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Everything posted by argentinadave

  1. I've just moved to Boston from Argentina and was looking to outfit my kitchen. I want to invest in a good chef's knife - any ideas on places where I can actually see and touch them? Also need to get spices, and a lot of Asian ingredients - any suggestions? Thanks!
  2. This may come too late, but Buenos Aires doesn't really have a whole lot of cart street-food. You can go to la Costanera (by the river) and get "choripans" (chorizo sandwiches) and other meat sandwiches from carts, but that is about it. You will see a few of these around different areas, particularly at night. If you are willing to make the trip I recommend a parrilla (kind of barbeque house) that is very basic, but has arguably the best meat in Buenos Aires. It is called Los Talas del Entrerriano - you can get different cuts of Argentine beef. suckling pig, sweetbreads, homemade chorizos and morcillas (blood sausage), etc. It is amazing, no tourists, very good, cheap and gets increidbly full on weekends. Go early - around 12:30 midday. You can look it up here: http://guiaoleo.com/detail.php?ID=2166 Enjoy!
  3. I made a big Momofuku meal on Friday. This is what I served and how it turned out: Steamed pork buns - they turned out amazingly well, and, although time consuming, are not that difficult. I had similar problems with the pork belly. It was burnt on the top and the bottom and the salt/sugar curing made it too salty. The middle of the belly was delicious, but the edges a bit too burned and salty. But when you combine all the ingredients together - DELICIOUS! Mussels - Fantastic, the sauce (I made it with white Miso) is great, I will try to use it for other dishes. Ginger scallion noodles - It is the 8th time I have made them, they have become a favorite. I do, however, add extra vinegar, oil and also add a bit of sesame oil for more flavor. Green beans with horseradish - fantastic dish, very easy and quite tasty. Overall I completely recommend the book, the combination of flavors is brilliant and most recipes are quite straightforward.
  4. This is fantastic, thank you very much! If you hear anything about Leyva let me know. I am off today, will comment on the restaurants when I get back.
  5. I am going on a trip to Colombia in about a week - will be in Bogota, Villa de Leyva, Cartagena, Santa Marta, Parque Tayrona, Medellin and Manizales. Would definitely appreciate suggestions on places to eat. Maybe one or two fancy places, but mostly local, authentic eating experiences. I speak Spanish fluently so out of the ordinary places are more than welcome. Thank you!
  6. It had the consistency of rendang and most of the flavors. Except it wasn't as coconuty. But I do agree that I think it would work very well for oxtails. I actually had a dinner party this weekend and used the oxtails I had bought to make Massaman Curry. It was excellent. I think the oxtails add a gelatinous texture and flavor that is fantastic with long-cooked curries.
  7. I'm not sure how authentic the curry was, I ate it in a restaurant in Argentina, which is not known for the authenticity of its Asian food. But it was quite tasty and I was wondering if anyone had any recipes. It wasn't very herbal or tart, the sauce was quite dark, spiced and very spicy. I'd be quite interested in long-braised curry recipes of any kind.
  8. A while back I had an incredible, spicy oxtail curry at a Thai/Vietnamese restaurant. I was wondering if anyone had any recipes for such a curry?
  9. argentinadave


    I made a big Mexican meal on Saturday night. Wanted to thank Jaymes for the carnitas recipe, which I made using orange juice and dried chipotles I brought from Mexico - they were absoltely amazing. I loved the combination of the deep, smoky flavor combined with the sweetness of the oj and brown sugar. They tasted like little bits of pork candy, delicious. I also made his tongue recipe, some tinga poblana and grilled chicken, pico de gallo, refried beans and a smoked tomato salsa with chile pasilla and chile de agua I learned to make in Oaxaca. I did make the tortillas myself (it is hard to get them in Argentina), the pictorial on making tortillas helped me out, although it is extremely time consuming to make tortillas for 15 people. But all in all it was a fantastic meal, thanks for the wonderful recipes!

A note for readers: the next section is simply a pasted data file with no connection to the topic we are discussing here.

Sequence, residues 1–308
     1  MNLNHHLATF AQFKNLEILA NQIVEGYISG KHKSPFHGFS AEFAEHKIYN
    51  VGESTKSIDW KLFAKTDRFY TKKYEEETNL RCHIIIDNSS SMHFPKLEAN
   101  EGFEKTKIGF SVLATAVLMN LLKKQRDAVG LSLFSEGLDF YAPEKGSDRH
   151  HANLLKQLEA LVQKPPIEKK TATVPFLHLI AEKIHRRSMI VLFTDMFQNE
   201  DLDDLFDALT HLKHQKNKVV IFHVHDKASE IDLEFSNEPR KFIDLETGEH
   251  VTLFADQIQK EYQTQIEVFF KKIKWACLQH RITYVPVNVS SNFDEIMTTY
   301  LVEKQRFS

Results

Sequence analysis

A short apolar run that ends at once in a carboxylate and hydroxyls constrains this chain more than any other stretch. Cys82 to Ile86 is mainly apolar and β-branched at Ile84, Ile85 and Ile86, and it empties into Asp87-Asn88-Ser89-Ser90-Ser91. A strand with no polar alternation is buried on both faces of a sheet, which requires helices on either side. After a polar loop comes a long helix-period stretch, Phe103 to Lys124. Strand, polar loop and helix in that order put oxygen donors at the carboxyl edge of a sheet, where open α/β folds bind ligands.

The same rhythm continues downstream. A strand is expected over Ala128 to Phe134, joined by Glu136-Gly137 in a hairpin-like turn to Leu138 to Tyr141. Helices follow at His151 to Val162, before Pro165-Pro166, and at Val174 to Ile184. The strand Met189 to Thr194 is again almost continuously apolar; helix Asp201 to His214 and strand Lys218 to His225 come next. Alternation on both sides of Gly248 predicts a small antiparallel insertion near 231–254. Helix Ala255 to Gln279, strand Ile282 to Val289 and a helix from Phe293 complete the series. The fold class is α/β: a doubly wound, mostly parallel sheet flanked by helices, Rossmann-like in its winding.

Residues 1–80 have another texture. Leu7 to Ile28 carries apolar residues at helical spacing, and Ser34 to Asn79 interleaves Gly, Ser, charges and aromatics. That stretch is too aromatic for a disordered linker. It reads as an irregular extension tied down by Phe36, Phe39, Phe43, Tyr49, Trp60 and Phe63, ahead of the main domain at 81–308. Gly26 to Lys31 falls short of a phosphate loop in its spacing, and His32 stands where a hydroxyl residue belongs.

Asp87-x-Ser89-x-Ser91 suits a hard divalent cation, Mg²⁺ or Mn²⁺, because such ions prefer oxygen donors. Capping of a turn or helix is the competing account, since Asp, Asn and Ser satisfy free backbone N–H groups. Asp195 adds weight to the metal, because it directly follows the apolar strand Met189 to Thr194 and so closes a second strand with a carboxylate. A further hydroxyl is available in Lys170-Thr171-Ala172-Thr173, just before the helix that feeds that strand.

10. Eggs with flies? The other two words sound made up Can you explain what these were? Most importantly -- how were the tacos al pastor? ← Hahaha. Not eggs with flies, but fly eggs or roe. The dish was like a round kind of biscuit made of fly roe with mole. The pejelagarto (correct spelling, I messed up on the last one) is a fresh water fish, it was served on top of a tostada in the form of ceviche. Also had a wild boar tostada and a wild boar stew. And I tried pulque, a traditional drink which I didn't like that much. All at Chon, all very good. No words to describe the tacos al pastor. I think I got sick a few times from gorging myself, drawn to eat them because of sizzling smell as you walk down the road even though you have already stuffed yourself with a previous meal.
  11. A long overdue thanks to the suggestions and some feedback as to what I did in Mexico. Absolutely stunned by the food, it is a country obsessed with eating, from the smallest stand on the street to the most upscale restaurant. Made me want to move to Mexico. In Mexico City the places I liked were: Chon - A fonda near Mercado La Merced that does pre-colonial cuisine. The owner/chef waited our table, I talked him into setting up a tasting menu and he brought amazing things I had never had before. We ate huevos de mosca, pezlagarto, tesquinkle and some other things I can't remember cooked to perfection. Not just strange food but very, very tasty. El Bajio - Another fonda, we went to the original one (took a long taxi, didn't realize there are other locations all around the city). The carnitas are fantastic and so is the black mole. I told the waiter I was heading to Oaxaca so I would wait to try it then, but he guaranteed that I wouldn't find better black mole in Oaxaca, and he was right. Tostadas Coyoacan, inside the big market in Coyoacan - one of the best meals I had in Mexico. You sit in a stall in front of heaping piles of ceviche, shrimp, cecina, and millions other options of toppings for the tostadas. Absolutely incredible, fresh, and very cheap. Pujol - Had our final meal there (after a month of traveling through Mexico). Very good, very upscale but everything cooked just right. My only problem is that it serves a lot of the dishes you can get in any market, sometimes the tremendous price difference is not entirely justified. Although my braised short ribs in mole de olla were very good, my girlfriend got the carnitas and they weren't amazing. Other than this, mostly ate on the street and in markets. Went to Oaxaca afterwards and had some amazing food also. Thanks for the suggestions!